Our best work isn’t rushed. Excellence is not achieved through haste; creating something lasting, elegant, and reliable requires a sustained and focused effort.
I often feel as though, despite all of our protestations to the contrary, we have lost sight of that. When we build systems - and in particular when we build software systems - we often opt for the most expedient route even though we know that a more measured approach often gives better results and saves time over the long run. For some teams, this is brought on by the continual struggle for existence that they face: “We have to ship features in order to survive. Nobody knows if we’ll be here in 6 months, so let’s just get this out the door now with however much duct tape is required and live to fight another day.”
But then a year later, when we’ve paid the interest on that debt in hundreds of hours in lost programmer time, on systems we could have built better had we taken the time to do so, we don’t look back and say “I suppose we should do it right this time.” The pressure hasn’t let up, and who knows if it ever will.
Unfortunately, this has a strongly negative effect on the quality of what we build. The best systems work without us having to think about them. They’re the ones which were considered carefully, where the fit between the problem and the solution is tight and there are few gaps left for rot to set in.
It’s tempting to throw together a conglomerate of half-baked solutions and toss such prototypes into the world to fend for themselves, patching them up until they can’t stand up on their own before throwing the whole thing out and beginning anew. “Move Fast and Break Things” gains romantic appeal from its rebelliousness, but we move faster when things work. What we should rather be thinking is “Don’t be afraid to make mistakes… but when you discover you have, learn from and fix them.” Prototypes are invaluable for discovering the real shape of the problem you’re trying to solve, but they often fall far short of a fully realized solution to the problem. We must resist the temptation to accept a prototype as “good enough” and stop just as we start to understand what it is that we should actually be building.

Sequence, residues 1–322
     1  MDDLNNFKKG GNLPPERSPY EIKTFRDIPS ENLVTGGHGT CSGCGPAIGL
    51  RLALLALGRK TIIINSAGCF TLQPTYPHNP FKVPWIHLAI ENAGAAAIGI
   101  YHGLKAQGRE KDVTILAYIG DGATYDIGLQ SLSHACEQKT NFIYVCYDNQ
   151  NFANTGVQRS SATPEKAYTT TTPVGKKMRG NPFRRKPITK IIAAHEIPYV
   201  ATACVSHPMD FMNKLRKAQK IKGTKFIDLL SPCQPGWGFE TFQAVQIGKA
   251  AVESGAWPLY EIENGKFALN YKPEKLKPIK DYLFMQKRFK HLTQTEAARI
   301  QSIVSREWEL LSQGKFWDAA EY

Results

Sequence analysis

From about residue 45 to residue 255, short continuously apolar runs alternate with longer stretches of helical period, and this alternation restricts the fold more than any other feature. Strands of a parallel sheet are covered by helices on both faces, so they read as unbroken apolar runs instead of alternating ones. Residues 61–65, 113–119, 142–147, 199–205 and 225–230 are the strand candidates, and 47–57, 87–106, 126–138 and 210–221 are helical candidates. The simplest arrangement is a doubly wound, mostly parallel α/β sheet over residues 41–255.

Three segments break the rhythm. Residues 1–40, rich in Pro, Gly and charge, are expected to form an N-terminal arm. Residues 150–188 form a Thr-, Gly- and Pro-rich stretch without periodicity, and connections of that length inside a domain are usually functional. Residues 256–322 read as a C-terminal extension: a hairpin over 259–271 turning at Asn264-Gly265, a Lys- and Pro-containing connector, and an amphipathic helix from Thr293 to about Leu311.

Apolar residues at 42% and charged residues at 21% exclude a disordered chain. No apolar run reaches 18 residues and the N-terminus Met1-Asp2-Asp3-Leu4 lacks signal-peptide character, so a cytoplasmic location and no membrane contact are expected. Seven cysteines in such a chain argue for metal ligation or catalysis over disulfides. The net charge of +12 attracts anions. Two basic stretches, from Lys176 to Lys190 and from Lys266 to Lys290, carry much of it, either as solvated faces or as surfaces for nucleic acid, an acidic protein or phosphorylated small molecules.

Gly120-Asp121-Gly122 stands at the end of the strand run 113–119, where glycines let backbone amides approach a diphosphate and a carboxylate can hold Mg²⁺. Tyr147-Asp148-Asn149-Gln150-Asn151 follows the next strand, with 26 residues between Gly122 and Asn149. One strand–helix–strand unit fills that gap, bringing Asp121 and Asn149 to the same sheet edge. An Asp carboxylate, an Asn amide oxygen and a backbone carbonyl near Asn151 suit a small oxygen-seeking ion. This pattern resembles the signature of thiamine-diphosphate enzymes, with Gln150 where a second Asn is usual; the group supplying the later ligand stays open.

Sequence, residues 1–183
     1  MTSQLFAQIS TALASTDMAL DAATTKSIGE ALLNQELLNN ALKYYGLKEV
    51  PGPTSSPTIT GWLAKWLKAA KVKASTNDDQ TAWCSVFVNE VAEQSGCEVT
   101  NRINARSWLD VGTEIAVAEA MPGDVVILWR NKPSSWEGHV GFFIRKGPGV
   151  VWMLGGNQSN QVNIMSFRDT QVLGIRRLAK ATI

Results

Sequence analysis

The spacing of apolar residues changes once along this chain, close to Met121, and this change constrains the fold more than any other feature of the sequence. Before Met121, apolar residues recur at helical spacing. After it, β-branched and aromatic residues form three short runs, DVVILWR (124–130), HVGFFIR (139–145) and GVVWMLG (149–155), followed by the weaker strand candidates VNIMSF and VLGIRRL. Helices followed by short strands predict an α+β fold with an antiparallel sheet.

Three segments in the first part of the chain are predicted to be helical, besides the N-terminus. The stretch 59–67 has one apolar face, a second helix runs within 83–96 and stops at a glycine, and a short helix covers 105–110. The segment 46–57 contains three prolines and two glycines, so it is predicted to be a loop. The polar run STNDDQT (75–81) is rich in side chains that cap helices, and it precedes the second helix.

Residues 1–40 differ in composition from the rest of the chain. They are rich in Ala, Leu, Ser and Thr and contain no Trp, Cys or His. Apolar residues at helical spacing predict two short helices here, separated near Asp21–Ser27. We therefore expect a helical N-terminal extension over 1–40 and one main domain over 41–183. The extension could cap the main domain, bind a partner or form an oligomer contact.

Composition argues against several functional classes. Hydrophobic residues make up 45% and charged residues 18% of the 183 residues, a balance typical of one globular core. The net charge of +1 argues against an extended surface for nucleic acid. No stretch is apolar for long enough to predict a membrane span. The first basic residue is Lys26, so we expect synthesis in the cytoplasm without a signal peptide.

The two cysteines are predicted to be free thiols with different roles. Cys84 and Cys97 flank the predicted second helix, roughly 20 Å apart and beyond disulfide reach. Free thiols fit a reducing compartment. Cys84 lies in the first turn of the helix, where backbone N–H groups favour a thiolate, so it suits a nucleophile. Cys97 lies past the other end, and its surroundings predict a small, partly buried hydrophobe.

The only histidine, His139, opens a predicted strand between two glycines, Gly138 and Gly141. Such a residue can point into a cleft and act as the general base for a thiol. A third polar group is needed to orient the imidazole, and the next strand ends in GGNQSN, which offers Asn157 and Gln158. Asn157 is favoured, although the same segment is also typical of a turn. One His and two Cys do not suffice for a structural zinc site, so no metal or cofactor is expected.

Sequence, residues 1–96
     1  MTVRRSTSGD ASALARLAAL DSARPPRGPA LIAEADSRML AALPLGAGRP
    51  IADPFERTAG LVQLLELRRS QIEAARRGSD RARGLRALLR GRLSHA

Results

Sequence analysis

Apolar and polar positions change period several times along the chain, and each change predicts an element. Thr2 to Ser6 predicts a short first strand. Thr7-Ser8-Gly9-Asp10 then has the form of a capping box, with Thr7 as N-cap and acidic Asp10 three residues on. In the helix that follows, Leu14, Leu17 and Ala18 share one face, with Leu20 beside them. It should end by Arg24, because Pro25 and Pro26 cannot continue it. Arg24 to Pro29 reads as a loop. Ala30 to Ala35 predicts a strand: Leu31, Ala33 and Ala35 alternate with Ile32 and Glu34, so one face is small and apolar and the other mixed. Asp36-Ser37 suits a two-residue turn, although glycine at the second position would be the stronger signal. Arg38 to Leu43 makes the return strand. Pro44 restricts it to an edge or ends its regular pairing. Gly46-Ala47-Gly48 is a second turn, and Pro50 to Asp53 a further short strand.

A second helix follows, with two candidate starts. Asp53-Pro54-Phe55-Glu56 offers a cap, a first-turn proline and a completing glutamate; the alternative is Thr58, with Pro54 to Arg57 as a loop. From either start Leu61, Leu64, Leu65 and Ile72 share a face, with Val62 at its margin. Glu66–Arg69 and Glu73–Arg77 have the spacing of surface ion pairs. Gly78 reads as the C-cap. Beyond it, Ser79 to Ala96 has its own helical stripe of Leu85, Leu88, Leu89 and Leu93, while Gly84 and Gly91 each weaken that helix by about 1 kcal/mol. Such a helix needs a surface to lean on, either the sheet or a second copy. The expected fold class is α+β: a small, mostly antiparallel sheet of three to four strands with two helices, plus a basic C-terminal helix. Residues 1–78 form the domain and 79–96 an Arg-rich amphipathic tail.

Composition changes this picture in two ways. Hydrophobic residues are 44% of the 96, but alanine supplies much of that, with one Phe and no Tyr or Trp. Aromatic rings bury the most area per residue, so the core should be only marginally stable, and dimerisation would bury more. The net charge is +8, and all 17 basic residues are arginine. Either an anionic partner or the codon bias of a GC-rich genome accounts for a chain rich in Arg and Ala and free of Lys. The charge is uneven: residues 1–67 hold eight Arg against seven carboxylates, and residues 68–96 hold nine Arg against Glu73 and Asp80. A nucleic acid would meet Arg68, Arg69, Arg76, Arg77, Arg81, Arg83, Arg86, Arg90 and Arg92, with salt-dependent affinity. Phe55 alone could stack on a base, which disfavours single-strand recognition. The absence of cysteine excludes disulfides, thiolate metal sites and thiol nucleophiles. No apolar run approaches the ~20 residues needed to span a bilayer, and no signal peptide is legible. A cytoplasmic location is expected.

I don’t mean to argue for any sort of (gasp!) Waterfall-style design process, nor do I think we should front load all of our attention at the onset of a project. In fact, I think that it’s almost impossible to know ahead of time what the real problems you’ll face are and to design around them unless you’ve already built the system once - hence the value of prototyping. Iterative improvement is a superior strategy, when executed well. Being stingy with your iteration time, and in particular sacrificing design time at the altar of speed, is a common cause of poor results. We need to be willing to give ourselves the space to reach the real solution instead of throwing half-baked facsimiles of them into the real world. When we lose our ability to do deep thinking and to truly engage in design, we lose.
Christopher Alexander understood this - he wrote a whole book on it titled Notes on the Synthesis of Form. Unfortunately, there are relatively few of us in the software world who venture out into the wider community of designers (I use that term loosely, to mean those who design anything - architects, engineers, cabinet-makers and the like) to see what we could learn there - though more of this knowledge is being incorporated as the industry matures. Alexander is quite popular in the Clojure community in particular. ↩
“A day of coding can save you an hour of design.” ↩